Why [does] my tinnitus get louder when I notice it? When I'm not paying attention to the tinnitus, it isn't loud, but when I focus in on it the volume will Increase and it will keep increase (sic) until it's unbearable.
This is a question from my postbag on Quora. Here's my answer:
This is because our hearing has two components. One is the actual physical intensity of the sound wave. The second is the amount of attention we’re paying to the noise.
Tinnitus isn’t a sound, it has no physical intensity that we can measure. However, it seems louder or quieter (or disappears even) depending on how much we are paying attention to it.
With my patients, I ask them to listen to the sounds around them in the room. If you’re at home, you may be able to hear:
* traffic noise outside
* people talking in another room
* the hum of a refrigerator
Any low-level sounds are good for this. Find just one sound in your environment and concentrate on it. If you don’t have enough quiet sounds indoors, open a window or go outside.
Find your sound. If it’s the traffic, think about which street it’s coming from, picture the car/truck and which way it’s going. Do this for a full minute or more. The more you ‘attend’ to the sound (focus on it) the more prominent it will get in your soundscape. You may start to pick out details that weren’t there before. It doesn’t increase in actual, physical intensity, but it can seem ‘bigger’ somehow.
It’s like seeing a magazine page. First you see the page of text/images, but then you need to attend to it in order to find the individual articles or paragraphs. You might scan it for a specific word, and when you’re thinking about the word, it feels like it jumps up from the block of text.
Back to the hearing exercise. Try and pick out a different, quiet-ish, sound now from your environment. Perhaps the hum of an insect. Think about where it’s coming from, is it moving or getting closer? If it’s the refrigerator hum, does it have breaks in it, or is it constant? Did it get quieter when someone shut the kitchen door? The more thoughts you give to the sound, the more attention you feed to it, the more prominent that sound can become.
You might notice that the original traffic noise has become a bit quieter while you listened to and thought about that second sound. Although you can still hear different sounds, and they’re all fairly quiet, they come in and out of focus.
Now, try switching between the two sounds. Each for 15 seconds. You should be able to pull one out of the environment at will, examine it, then put it away. The sounds are all still there though.
With environmental sounds, they are there all the time. Very rarely are we completely in silence. But the vast majority of the time, we’re not aware of that traffic, hum, wind etc. Tinnitus is not a sound, and it doesn’t have ‘intensity’ in the usual way. It pops up into our field of hearing, and if we pay attention to it, we can make it more prominent. But why would we want to? Why would we give it attention, when we know it’s not interesting? Why would you feed it by thinking about it, by getting angry with it? It’s not helpful to focus on it, and there are more interesting things to listen to.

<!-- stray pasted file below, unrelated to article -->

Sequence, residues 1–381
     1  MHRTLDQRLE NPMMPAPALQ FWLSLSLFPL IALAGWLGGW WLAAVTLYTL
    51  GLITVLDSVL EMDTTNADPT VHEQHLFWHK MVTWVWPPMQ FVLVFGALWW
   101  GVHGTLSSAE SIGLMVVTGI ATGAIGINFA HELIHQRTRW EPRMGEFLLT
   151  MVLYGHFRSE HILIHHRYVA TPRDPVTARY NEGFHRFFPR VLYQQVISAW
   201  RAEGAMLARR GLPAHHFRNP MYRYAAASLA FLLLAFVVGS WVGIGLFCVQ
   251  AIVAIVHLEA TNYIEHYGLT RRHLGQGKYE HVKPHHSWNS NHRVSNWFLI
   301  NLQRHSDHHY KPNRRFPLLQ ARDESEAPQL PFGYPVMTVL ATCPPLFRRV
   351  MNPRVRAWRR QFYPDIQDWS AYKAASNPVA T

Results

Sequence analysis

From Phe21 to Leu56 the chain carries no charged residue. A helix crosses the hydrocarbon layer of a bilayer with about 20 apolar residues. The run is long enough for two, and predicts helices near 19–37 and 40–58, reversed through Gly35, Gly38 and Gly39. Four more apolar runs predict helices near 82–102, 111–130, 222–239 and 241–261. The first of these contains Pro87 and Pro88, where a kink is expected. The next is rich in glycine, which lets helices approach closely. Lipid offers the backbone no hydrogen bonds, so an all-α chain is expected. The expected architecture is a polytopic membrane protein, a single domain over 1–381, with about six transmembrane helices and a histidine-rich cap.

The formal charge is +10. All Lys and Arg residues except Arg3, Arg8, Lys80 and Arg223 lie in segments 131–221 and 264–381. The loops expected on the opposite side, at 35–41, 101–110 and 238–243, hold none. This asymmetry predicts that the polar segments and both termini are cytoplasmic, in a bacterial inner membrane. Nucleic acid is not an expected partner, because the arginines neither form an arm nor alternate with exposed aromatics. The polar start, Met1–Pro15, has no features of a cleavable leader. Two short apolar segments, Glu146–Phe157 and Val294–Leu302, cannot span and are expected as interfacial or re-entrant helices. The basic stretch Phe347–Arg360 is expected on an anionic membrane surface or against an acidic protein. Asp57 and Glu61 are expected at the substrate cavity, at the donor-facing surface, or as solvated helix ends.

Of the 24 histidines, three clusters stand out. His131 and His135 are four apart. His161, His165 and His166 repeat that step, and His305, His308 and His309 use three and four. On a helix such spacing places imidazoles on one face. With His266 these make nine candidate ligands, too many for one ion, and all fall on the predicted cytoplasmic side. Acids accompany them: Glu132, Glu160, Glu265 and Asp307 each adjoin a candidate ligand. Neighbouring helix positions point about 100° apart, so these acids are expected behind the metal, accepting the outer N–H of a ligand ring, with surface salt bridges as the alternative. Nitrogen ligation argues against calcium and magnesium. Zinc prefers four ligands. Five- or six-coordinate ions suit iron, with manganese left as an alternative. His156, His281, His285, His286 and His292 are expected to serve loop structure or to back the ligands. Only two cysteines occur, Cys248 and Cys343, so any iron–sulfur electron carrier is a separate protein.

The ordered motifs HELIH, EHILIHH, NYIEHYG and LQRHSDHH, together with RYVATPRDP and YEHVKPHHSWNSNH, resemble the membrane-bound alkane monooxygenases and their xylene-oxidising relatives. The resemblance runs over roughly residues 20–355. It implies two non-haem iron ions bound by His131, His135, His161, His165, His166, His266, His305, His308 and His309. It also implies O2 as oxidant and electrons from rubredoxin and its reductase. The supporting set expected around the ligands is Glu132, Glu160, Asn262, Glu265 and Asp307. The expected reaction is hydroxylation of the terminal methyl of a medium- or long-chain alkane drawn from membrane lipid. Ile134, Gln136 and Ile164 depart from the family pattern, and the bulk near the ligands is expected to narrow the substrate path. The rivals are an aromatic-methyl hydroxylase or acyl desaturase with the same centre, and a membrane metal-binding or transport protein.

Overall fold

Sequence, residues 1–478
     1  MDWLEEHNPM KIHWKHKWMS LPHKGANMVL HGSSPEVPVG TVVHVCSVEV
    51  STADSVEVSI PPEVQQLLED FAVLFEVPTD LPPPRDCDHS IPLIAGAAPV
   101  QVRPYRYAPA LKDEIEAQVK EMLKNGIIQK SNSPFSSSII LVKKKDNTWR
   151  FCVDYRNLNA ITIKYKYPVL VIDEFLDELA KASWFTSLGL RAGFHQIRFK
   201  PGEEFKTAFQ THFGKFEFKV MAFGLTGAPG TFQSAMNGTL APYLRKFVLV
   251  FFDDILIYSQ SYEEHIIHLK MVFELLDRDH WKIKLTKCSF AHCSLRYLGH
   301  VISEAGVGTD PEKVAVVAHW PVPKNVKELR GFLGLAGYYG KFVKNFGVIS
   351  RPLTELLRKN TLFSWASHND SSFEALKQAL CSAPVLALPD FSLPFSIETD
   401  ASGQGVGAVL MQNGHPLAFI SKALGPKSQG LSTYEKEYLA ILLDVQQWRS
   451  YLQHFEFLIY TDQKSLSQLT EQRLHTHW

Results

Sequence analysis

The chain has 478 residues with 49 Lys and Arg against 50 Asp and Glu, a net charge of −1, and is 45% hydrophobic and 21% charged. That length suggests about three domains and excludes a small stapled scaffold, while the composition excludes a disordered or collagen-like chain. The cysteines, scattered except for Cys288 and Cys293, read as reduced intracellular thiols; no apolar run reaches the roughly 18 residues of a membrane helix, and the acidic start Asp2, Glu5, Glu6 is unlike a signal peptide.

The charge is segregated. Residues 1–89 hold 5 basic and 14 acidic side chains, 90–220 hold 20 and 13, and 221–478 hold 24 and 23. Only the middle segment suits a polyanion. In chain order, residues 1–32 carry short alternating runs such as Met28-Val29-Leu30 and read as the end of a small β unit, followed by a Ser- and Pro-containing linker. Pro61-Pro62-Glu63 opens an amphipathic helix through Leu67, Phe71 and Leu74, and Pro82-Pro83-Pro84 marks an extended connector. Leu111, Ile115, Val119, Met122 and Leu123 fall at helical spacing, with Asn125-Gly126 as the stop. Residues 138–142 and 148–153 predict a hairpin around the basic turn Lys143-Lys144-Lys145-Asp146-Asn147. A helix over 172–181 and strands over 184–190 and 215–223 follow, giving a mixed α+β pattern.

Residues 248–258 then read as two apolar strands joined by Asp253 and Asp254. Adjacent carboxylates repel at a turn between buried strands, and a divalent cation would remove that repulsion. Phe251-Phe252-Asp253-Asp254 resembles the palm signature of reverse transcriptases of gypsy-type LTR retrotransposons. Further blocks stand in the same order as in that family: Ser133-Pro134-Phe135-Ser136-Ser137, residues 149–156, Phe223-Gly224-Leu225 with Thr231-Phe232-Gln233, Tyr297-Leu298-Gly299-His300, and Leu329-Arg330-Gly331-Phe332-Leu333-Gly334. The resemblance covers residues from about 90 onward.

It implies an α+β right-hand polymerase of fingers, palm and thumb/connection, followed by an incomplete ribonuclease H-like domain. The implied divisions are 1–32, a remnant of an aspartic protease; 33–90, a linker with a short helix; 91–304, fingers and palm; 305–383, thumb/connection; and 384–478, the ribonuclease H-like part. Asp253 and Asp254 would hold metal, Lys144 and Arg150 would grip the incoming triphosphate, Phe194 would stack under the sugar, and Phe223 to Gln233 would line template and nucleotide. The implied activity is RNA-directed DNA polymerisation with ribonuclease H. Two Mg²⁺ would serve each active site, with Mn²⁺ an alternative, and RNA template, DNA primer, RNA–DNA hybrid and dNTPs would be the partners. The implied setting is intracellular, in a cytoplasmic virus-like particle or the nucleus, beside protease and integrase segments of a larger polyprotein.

If you are finding it difficult to stop yourself from attending to your tinnitus, practice the above exercise until you become a master at pulling sounds out of the background and making them more prominent. The tinnitus is not a sound, and it doesn’t have to behave like one. This is great news, because that means you’re not stuck with it. If it was a burglar alarm going off next door, you would be stuck with it. But tinnitus can be largely ignored.
Every time you notice the tinnitus signal, immediately make yourself ‘pull up’ a sound from the environment. This is a useful technique because you should always have access to sounds. Make it a habit to always stop attending, and search for a physical sound signal. If your home is very quiet, you can crack open a window or put the radio on in a different room. Then, if it pops up, you can switch focus to the traffic noise.
You have already learned that tinnitus gets louder if you focus on it. Now use that knowledge to ensure you don’t keep doing it. Do not say/think the word "tinnitus". Call it T or something totally unrelated, so that you’re not reinforcing it. If it pops up, think to yourself, “Hello T, and goodbye!”, then pull out a sound in the room, or get up and make a cup of tea. Do anything that isn’t sitting quietly and listening to your tinnitus.
All our senses tend to work like this. New sensory input - such as a breeze on the hairs of our arms, or someone moving at the edge of our vision - get our attention automatically. The brain hands you the input so you can figure out whether to pay attention or let it go. Once you know what’s happening (it was the breeze on my arm, not a poisonous spider), you then ignore the sensory input and it goes back into the background.
Trust me when I say that T works this way too. The vast majority of the time, you can move your focus and it will drift into the background. There are a couple of exceptions, but never-ever-ever will you make it smaller by attending to it. So do yourself a favour, and do not spend one moment more examining the tinnitus signal.
At this point in my consultation, people will sometimes say, "ah yes, that's all well and good, but my tinnitus is*...". It really, truly doesn't matter what the individual circumstances or triggers for your tinnitus are. We are all human beings, built the same way. We are all capable of changing our attention, even if we need to practice it. We are all subject to sounds, and we are not going to like all of them. But what happens after your brain hands you that signal - that is up to you and within your power to decide.
*different tone, louder than yesterday, comes on when the advert breaks appear, goes up and down, sounds like a whistle, sounds like a foghorn. The list is endless.